One of the central themes of Jonathan Spence's Reith Lectures (Radio 4, Tuesday) has been the way that China and the West have circled round each other in the 20th century, each side regarding the other with a mixture of fascination and distrust. One thing he didn't talk about was the peculiar influence Maoism has had on the Western left. In Living Memory (Radio 4, Wednesday) exhumed the scandal surrounding The Little Red Schoolbook – since overshadowed by other scandals, but a fair-sized furore back in 1971.
The Little Red Schoolbook was an English translation of a Danish handbook trying to, like, tell it like it is for kids, with frank discussions of sex, drugs and staging sit-ins against authority. Mary Whitehouse was soon urging the authorities to prosecute the publisher for obscenity; they obliged. The prosecution case now seems hilarious: a line about the harmlessness of masturbation prompted the claim from an "expert witness", a headmistress called Elizabeth Manners, that "a girl who has become accustomed to the shallow satisfactions of masturbation may find it very difficult to adjust to complete intercourse." In interview now, though, Miss Manners was eye-poppingly unprudish, telling Jenkins that she'd given up masturbation herself because "I wasn't getting anywhere with it." The odd thing was how all that frankness was, at the time, couched in pseudo-Maoist language; but all that licentiousness and that insolence towards established authority is about as unMaoist as you can get.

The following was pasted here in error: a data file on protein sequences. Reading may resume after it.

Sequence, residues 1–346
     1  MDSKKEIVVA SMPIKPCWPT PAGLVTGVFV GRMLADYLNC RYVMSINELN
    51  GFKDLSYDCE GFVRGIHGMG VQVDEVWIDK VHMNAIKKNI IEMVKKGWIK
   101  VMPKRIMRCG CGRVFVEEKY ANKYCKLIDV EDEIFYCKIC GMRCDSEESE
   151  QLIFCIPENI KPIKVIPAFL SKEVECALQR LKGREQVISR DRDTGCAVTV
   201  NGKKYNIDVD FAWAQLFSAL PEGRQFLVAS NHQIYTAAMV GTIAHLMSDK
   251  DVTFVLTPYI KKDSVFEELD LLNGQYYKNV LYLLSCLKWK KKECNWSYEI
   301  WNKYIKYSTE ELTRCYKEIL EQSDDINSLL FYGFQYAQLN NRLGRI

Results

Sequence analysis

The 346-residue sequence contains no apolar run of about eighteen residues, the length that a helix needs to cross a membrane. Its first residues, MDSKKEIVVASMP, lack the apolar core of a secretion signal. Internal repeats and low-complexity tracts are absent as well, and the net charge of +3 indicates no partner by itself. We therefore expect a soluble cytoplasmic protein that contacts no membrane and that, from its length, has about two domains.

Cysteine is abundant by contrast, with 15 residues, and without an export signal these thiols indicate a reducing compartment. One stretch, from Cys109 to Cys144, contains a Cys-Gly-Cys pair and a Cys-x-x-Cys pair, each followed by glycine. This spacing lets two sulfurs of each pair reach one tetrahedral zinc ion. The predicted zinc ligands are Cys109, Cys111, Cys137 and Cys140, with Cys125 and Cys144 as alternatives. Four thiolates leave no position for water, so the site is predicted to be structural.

Maoism cropped up again in The Essay (Radio 3, Monday-Thursday), a series of oblique angles on Anglo-Chinese relations by Patrick Wright. His last talk was about British attitudes to Maoism in the 1950s – on the left, largely forgiving, it seems, despite the Korean War, with an analogy being drawn between Communist peasants and the Diggers and Levellers in the English Civil War; the weird climax was an account of a spontaneous speech made by the artist Stanley Spencer on a trip to China, in which he compared life in the Chinese countryside to life in his beloved Cookham, in Berkshire.
This was one of a season Radio 3 is doing on China, which seems to be mostly an excuse to get Isabel Hilton on the air – fine by me, since I think she's fabulous, and Wednesday's Night Waves special on the media in China was riveting. My difficulty with all this is that it is almost all oblique – a series of glances at, and sidelights on, China that never takes the beast head-on.
I suppose the Reiths have been the best effort so far. Though the individual lectures have been disappointing – with Spence too often raising an interesting issue only to dismiss it as "another story", and Sue Lawley (though her chairing has been so good that I feel irrationally guilty for having ever sniped at her on Desert Island Discs) also being guilty of trying to move the après-lecture discussion on just when it was getting interesting – Spence's lectures have thrown up some useful statistical insights: for example, from the frequency with which it came up, you can take it that the Japanese occupation of Manchuria in the 1930s was the pivotal moment in modern Chinese history. I'm not entirely sure that's how a Reith should work, though.Reuse content